Jeremy Johnson
customer experience leader


Ideas, thoughts & insights.

How UX can save us from fake news

Over the last month or so, as fake news stories started showing up everywhere, my first thoughts were facebook should fund and create a non-profit organization that has the skills of a politifact and snopes. A group that once something was shared on facebook enough would get queued up for fact checking. Why would facebook want to to this? They’re in a tough spot between being called to help stop this epidemic (even a nuclear war?), but not upsetting their users, who in some cases want to believe these stories are true. So they need to be impartial and transparent. And they’re working on this:

“If the fact checking organizations identify a story as fake, it will get flagged as disputed and there will be a link to the corresponding article explaining why. Stories that have been disputed may also appear lower in News Feed.” — facebook

Some of this is starting to happen today. It’s not just the fact checking, but the user experience design that is an important part of a holistic solution. Identifying the news, and then signifying visually is it (as snopes puts it) true, mostly true, mostly false, false or unproven.

Where the redesign of a pill bottle can help people with something as important as their medication with just better product design and visual communication, the same principles of understanding, empathy, clear labeling, and strong visual design can be used to identify fake news.

Here’s facebook’s first take:

And they’re not the only ones, others are already working on this by releasing 3rd party tools and plugins:

But, really the facebook design team, which is super talented, should take this challenge on and expand on solution.

For a purely analytical thinker, just seeing a notation would set you down a path exploring the sources that prove or disprove something, but I’ve talked to too many people that think either facts don’t exist, or that every group is biased.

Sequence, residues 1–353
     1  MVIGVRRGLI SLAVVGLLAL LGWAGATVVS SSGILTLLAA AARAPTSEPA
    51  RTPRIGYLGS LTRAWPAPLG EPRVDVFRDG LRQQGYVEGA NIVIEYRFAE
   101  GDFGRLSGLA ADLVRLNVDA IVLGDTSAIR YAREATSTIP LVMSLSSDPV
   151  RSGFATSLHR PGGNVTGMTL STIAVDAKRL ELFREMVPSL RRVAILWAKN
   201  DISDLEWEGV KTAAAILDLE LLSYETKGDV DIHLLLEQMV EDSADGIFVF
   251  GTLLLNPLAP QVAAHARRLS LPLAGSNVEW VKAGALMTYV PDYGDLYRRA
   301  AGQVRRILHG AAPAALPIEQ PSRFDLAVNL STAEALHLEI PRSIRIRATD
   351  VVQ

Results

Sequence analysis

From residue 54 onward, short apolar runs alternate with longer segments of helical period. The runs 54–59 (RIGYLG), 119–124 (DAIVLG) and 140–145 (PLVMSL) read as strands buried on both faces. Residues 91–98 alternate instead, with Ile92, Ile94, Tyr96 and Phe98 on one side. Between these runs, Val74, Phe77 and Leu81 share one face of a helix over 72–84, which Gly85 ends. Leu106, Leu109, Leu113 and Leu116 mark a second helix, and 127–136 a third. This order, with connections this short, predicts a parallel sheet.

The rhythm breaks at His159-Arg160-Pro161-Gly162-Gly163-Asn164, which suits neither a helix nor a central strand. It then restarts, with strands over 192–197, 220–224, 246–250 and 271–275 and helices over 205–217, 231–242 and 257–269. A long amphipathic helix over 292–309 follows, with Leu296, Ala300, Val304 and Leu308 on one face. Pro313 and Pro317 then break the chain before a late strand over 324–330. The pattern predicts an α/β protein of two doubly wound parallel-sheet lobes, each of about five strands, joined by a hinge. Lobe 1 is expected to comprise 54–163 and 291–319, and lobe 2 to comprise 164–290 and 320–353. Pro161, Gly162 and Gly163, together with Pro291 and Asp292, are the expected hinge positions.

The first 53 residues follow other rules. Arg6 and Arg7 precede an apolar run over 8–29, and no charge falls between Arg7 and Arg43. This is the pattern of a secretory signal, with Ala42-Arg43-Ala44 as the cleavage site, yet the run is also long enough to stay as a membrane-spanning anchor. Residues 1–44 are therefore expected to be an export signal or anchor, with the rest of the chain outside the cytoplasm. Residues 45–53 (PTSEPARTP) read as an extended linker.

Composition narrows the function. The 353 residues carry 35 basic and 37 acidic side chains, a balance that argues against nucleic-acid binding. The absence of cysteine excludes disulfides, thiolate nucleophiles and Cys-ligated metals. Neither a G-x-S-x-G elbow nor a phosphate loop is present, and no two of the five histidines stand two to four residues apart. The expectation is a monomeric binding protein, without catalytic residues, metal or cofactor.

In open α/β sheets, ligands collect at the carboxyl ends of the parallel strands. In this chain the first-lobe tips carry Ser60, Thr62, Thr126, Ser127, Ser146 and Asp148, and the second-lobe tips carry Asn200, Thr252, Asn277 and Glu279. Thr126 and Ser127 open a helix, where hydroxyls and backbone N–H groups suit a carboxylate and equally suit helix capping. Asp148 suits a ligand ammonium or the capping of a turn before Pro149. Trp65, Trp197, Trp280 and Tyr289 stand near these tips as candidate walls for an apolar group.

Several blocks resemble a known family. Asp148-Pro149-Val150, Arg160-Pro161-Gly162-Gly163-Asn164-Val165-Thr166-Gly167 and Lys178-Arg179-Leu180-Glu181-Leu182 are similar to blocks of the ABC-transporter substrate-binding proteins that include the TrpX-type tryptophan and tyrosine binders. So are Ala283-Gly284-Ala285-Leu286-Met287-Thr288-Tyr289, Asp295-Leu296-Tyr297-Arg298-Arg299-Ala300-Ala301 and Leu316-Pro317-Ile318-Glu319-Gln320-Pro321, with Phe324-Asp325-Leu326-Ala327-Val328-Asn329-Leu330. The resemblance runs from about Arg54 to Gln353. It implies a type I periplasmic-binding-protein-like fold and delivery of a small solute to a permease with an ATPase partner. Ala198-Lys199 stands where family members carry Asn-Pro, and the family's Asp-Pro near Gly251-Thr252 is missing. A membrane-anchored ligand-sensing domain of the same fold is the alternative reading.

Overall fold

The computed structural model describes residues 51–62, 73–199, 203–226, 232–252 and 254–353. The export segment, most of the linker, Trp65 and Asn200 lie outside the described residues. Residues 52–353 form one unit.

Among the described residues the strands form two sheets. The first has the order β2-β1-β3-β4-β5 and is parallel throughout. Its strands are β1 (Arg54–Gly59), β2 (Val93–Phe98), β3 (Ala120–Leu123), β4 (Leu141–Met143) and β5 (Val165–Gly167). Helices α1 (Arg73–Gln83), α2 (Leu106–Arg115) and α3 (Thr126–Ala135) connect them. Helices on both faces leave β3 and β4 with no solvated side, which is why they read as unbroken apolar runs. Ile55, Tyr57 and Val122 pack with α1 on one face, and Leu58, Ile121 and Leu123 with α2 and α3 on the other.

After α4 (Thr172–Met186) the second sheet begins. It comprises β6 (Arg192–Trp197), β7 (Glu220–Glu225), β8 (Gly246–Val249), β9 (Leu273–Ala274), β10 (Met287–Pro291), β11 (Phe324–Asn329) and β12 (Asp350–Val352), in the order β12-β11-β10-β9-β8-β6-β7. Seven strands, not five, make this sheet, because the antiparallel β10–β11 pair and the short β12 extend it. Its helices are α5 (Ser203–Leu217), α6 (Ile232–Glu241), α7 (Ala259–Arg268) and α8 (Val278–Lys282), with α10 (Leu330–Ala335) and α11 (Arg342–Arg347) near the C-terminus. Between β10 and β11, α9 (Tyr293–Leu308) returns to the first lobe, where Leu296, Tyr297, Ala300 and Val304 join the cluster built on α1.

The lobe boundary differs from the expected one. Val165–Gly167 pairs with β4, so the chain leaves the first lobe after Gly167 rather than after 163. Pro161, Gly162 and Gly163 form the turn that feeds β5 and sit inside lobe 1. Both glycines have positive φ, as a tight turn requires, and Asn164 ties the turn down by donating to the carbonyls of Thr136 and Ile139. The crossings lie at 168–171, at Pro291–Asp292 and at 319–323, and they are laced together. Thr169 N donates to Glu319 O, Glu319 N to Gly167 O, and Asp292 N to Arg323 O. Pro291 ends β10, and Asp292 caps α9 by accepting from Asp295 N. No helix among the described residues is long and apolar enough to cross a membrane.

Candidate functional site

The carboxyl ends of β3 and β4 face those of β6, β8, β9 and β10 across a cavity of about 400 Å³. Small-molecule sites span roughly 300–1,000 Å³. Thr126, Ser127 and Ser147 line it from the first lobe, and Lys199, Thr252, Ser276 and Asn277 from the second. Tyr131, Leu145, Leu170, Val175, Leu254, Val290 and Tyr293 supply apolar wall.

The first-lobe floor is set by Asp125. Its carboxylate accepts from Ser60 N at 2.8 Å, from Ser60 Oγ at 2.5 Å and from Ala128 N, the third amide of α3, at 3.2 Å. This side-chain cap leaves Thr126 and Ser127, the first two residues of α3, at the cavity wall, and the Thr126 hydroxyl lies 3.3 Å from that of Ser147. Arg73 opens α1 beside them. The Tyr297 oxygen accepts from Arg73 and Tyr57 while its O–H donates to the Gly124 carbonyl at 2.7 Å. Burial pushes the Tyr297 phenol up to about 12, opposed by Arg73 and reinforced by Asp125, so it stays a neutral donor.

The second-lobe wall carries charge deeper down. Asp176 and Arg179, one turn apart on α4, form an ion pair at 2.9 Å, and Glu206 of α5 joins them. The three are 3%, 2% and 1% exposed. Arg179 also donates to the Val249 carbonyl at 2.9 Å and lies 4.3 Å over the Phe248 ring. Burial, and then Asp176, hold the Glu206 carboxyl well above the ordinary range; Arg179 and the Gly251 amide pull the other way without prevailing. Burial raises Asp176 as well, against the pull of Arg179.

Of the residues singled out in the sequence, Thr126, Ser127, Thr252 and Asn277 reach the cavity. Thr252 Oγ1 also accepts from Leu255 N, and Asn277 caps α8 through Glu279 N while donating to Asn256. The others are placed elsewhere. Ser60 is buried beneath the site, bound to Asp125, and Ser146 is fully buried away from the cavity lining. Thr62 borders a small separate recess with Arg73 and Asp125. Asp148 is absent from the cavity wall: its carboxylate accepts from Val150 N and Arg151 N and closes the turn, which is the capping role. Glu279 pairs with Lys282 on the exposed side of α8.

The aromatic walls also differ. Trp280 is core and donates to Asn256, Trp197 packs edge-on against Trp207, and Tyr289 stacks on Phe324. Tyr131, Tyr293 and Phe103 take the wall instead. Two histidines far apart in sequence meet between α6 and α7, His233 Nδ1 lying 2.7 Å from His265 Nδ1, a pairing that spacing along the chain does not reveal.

Everybody has a way of interpreting them to be the truth, or not truth. There’s no such thing, unfortunately, anymore as facts. — Scottie Nell Hughes

Here’s what I’d do.

I’d start with a soft opt-in. Facebook is great at notifying you when new features are available, why not start with a friendly “You read a lot of news, how would you like to opt into a new program that lets you see if a new story is true, false, or something in-between?”

Once opted into the program, you would show the status of each news post that has been checked, not that dissimilar to what’s shown on facebook’s video, but with some added enhancements:

Identifying that the story has been checked, if it’s true, how many sources are used to verify, and how many people are sharing this story. This could be expanded to include scoring for the different news organizations — ones that are known to be more false than others.

One design principle would be to be as transparent as possible, over explaining at every turn. For the first couple of stories you could have it expanded by default, then the UI can adapt to over time to take up less room, but still convey the same information.

While I like the snopes rating system, there could be a softer way to denote something other than “fake”. While I believe many people are more than happy to spread a story that fits their viewpoint, usually when asked one common theme you hear is that “Hey, it’s only a joke”.

Miller argues that many of the stories were satirical in nature and intended for readers to draw their own conclusions. “It’s like Fox News. I report, you decide if it’s true or not,” Miller said. — Sid Miller, Texas Agriculture Commissioner

So maybe instead of “fake” can it be “satire” or “For Entertainment Only”. I’ve seen sites listed as “propaganda” — but to the average person, that sounds like something out of a WWII spy movie, not something your Aunt Sally shared on facebook the other day. Which again shows the the cognitive dissonance people have when they love their Aunt Sally, and regard her as a thoughtful person, but she’s sharing, and agreeing with propaganda?!?

Visual design and User Experience can be used as a powerful force to give people quick indications of the quality of what they’re reading and sharing. And while these could quickly help, I’m sure a good qualitative study outside of any metropolitan area would reveal a number of insights into the “why” this is happening that would feed an overall better design.

This is a tricky subject. People want to believe what they see, in these cases breaking the illusion is hard, and the source of the checking needs to be transparent and trustworthy. It’s in the best interest of facebook to make sure they get it right and keep the trust of their users. Why? Use money as a reason if you need to — if they lose trust, they lose users, something they need to run their business.

There are ways to solve these problems, and design can be a big part of that solution.

I’ll leave you with the famous words of a fictitious FBI Agent who spends most of his time looking for aliens “The truth is out there”.

Jeremy JohnsonComment